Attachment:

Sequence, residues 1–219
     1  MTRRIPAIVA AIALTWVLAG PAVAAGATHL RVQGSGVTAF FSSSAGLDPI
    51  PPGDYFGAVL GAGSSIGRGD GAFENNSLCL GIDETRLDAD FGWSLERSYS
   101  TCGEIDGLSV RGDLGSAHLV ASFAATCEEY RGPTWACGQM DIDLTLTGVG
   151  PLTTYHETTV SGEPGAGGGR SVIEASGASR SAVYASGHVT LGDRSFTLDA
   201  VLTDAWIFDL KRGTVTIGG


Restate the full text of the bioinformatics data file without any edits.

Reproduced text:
Sequence, residues 1–219
     1  MTRRIPAIVA AIALTWVLAG PAVAAGATHL RVQGSGVTAF FSSSAGLDPI
    51  PPGDYFGAVL GAGSSIGRGD GAFENNSLCL GIDETRLDAD FGWSLERSYS
   101  TCGEIDGLSV RGDLGSAHLV ASFAATCEEY RGPTWACGQM DIDLTLTGVG
   151  PLTTYHETTV SGEPGAGGGR SVIEASGASR SAVYASGHVT LGDRSFTLDA
   201  VLTDAWIFDL KRGTVTIGG